There’s a new pollinator on the scene, one that has captured the imaginations of many of us.
And it’s not the bee.
The bee is everywhere and everywhere in our lives, whether it’s the honeybee in the hive, the honeycomb in the greenhouse, the bees on our clothing or even in our food.
The world is home to more than 500 species of bees, the majority of which are pollinators.
And in our environment, there are hundreds of species that pollinate a wide range of plants, including fruits, nuts and vegetables.
But the bees aren’t the only ones doing their job, according to the University of Arizona.
The pollinators that make up our food supply are often overlooked in favor of the more abundant pollinators, such as the butterflies, bees and moths that dominate the landscape.
And they are being threatened by climate change.
For instance, a recent study by researchers at the University on the Environment in the United States and elsewhere found that the number of species of butterflies that nest in Arizona have dropped by half since the 1980s.
That’s in part because of climate change, which has created more intense storms and increased the frequency of droughts.
The researchers also noted that the pollinators on the ground, such a honeybee, can survive and thrive on low oxygen levels.
And a study in the journal Science by researchers in France and Switzerland found that when pollinators are able to survive in the harsh Arizona winters, they can even be able to help with crop production.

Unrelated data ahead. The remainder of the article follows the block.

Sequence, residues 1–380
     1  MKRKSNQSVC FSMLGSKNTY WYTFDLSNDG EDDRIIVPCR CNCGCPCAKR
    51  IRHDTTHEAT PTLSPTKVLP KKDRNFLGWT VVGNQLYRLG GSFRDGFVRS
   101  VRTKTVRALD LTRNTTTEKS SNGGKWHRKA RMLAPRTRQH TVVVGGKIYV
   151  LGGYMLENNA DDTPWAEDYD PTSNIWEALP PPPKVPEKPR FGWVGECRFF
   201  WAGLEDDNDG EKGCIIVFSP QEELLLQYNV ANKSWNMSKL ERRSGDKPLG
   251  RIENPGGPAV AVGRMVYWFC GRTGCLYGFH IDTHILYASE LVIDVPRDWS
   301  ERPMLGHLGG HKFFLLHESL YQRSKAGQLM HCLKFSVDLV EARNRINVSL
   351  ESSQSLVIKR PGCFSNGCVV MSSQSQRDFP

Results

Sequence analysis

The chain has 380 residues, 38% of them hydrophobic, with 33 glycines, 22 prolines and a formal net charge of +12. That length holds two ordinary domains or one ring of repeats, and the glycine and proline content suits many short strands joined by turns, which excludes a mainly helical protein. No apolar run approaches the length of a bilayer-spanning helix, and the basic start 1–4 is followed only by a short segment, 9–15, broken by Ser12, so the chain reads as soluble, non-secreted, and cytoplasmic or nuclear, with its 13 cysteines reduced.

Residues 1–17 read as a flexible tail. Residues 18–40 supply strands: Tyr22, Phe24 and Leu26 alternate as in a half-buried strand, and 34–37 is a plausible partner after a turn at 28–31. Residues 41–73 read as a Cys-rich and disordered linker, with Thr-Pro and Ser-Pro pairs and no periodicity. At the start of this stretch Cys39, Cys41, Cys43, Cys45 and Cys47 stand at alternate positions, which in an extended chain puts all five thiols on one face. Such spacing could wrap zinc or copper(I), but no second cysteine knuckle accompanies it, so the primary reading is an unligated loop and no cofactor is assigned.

There are plenty of other reasons that pollinators deserve our respect and admiration.
For example, they pollinate food crops and the environment.
And they pollinable in a variety of colors, from black and white to purple and red.
They also are a keystone species for some plants and plants that we rely on for food, including coffee, strawberries, potatoes, peas and wheat.
But when it comes to their role in agriculture, pollinators have been overshadowed by the honeybees and other more common pollinators in recent years.
And while the bees’ pollination is often acknowledged, the role of the pollinator is often overlooked.
They are critical in controlling pest populations and providing for pollination in the wild.
But pollinator experts say there are ways that pollination can help farmers, as well.
In fact, they say that the bees can be a good way to control pests that are currently in their fields.
What makes the bees important?
For one, the bee’s ability to help in the pollination process.
According to the National Pollinator Institute, the pollinating power of a honey bee is comparable to that of an average American urban bee, which provides more than half of the bee population’s energy needs.
And since the bees eat all the food crops that we produce, they are keystone pollinators of many crops.
To help farmers keep pollinators healthy, the USDA’s Natural Resources Conservation Service (NRCS) encourages pollinator conservation and provides free bees for farmers.
The NRCS also has a program that allows farmers to purchase pollinator food that is certified by the USDA to be a non-gmo feed for their crops.
And for those that can’t afford to buy pollinators for their farms, they offer free beekeeping classes.
In fact, there is a special program called the USDA Beekeepers’ Program, which offers workshops, beekeeping kits, and more.
But this is not the only way pollinators can benefit.
Beekeeping can also help reduce pesticide use, which can help to keep crops healthy.
And the NRCA offers free bee-friendly beekeepers and a range of other services, including a pollinator-friendly farm market.